Several weeks ago I wrote about CDCs outreach effort to ask American citizens what they would want in an H1N1 vaccination program.  There are ten groups like this being held the month of August.  One happened to be in Sacramento California, a mere 90 miles from my home so I signed up!

Sacramento Convention Center
Sacramento Convention Center

The meeting was conducted by the Keystone Center ( and as described on their website there are a public policy group who convenes individuals to solve problems and advance good public policy through neutral, independently organized, and well-managed discussions.  It was a thoughtful, neutral and educational session for the 100+ diverse individuals seated at the Sacrament convention center on a hot summer day.

The Question

The genesis of the session was one key question, “What type of implementation planning strategy should the U.S. adopt for vaccinating Americans against the novel H1N1 influenza virus? There were three options:

  1. “Go easy” approach
  2. Moderate effort approach
  3. “Full Throttle” approach


The day included education on influenza, reviews of what the three approaches would entail, small group discussions and then electronic voting on the different approaches.

The Challenges


The Federal government is buying the vaccine and then it will be administered as designated by the State and Local Public Health Departments.  With most states and counties suffering in the economic downturn this is a major stumbling block.  Regardless of which approach is selected funding will remain a huge issue.  The following are some of the issues and concerns that were discussed:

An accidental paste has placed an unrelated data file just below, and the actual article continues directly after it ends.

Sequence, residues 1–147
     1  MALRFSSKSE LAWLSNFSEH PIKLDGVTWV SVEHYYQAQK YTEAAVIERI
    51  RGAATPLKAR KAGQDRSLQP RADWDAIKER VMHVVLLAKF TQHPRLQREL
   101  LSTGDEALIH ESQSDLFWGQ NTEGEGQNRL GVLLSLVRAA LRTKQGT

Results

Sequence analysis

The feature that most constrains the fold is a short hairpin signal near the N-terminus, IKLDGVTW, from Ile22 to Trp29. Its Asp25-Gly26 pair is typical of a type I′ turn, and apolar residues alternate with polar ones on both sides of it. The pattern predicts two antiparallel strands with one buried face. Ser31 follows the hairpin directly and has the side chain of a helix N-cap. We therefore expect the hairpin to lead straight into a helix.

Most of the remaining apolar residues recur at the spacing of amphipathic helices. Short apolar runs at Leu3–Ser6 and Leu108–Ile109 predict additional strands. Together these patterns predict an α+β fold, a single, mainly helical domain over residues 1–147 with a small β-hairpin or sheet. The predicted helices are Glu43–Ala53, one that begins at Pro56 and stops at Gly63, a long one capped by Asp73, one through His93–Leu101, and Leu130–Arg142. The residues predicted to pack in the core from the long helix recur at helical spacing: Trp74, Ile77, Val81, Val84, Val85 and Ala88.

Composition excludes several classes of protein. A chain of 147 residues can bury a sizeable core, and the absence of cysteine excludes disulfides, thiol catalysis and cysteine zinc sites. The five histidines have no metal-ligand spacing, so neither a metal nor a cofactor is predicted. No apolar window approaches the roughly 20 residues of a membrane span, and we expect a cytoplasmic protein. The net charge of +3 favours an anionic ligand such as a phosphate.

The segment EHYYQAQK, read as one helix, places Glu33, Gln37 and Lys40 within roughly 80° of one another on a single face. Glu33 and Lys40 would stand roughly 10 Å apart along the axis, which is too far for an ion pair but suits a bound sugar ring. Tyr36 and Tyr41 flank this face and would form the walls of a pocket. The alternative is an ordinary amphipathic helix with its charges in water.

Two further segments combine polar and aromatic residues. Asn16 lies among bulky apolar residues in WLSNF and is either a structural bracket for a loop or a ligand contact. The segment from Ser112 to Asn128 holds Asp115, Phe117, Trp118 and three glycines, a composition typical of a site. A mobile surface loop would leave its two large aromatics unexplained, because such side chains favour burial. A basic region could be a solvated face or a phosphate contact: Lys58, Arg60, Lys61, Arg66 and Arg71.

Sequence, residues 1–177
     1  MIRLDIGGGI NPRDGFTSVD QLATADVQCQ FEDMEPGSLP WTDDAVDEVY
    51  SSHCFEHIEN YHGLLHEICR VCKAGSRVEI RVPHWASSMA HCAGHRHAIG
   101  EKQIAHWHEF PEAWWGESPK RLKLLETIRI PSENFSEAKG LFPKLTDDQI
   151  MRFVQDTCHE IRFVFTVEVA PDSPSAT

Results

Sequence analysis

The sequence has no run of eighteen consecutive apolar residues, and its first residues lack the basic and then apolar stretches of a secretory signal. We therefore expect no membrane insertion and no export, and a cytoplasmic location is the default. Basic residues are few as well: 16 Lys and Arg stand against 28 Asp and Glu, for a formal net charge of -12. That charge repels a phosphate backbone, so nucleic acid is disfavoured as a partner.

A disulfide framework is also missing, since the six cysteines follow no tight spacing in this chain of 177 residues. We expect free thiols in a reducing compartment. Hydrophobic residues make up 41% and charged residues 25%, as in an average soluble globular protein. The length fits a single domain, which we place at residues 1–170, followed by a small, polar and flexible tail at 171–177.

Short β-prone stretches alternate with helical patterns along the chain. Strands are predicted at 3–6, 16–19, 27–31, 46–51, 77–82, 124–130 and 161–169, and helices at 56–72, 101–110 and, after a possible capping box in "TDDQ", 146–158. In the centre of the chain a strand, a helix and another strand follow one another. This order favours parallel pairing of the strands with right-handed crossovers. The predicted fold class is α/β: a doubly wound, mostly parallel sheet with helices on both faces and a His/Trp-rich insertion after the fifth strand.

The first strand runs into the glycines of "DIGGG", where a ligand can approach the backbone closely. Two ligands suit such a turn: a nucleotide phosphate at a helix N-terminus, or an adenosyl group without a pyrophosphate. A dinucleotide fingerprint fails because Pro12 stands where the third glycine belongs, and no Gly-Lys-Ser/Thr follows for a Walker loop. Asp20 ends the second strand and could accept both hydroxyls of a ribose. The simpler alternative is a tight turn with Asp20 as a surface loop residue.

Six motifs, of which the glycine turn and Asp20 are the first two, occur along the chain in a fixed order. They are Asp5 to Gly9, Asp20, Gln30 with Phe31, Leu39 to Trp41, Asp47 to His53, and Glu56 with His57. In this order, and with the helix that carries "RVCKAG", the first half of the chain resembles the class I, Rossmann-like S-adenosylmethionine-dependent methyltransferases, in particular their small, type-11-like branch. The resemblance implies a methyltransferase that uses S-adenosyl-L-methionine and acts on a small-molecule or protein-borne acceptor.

• How much effort should be placed in getting people vaccinated?
  • How many sites should we have?
  • What is the speed for time it should take to vaccinate all eligible persons
  • Fear of the unknown – what will happen in the fall?
  • Is it mandatory?  The answer is no!
  • How to reach the many different groups – ethnic, religious, homeless, disenfranchised, etc.
  • What is the best tool to communicate?  We discussed from Facebook, Twitter, and all of the usual means
  • There should be no barriers to vaccine administration – cost for many will be a big concern.
  • How do you get people back for the second dose?
  • How can vaccination sites be secured?  Is that a concern?
  • How to engage volunteers at these sites?
  • How much disease surveillance should be done

A final report will be issued by the University of Nebraska at the conclusion of the final meeting – it will be available on line on the Keystone website.

More Options to Give Your Opinion

There are five more face-to-face sessions this month.  Check out the site for locations and details.

There is also a web forum August 26-27 and August 31-September 1 that you can sign up for and participate in the comfort of your own home!  If you have an opinion or wish to express yourself – sign up!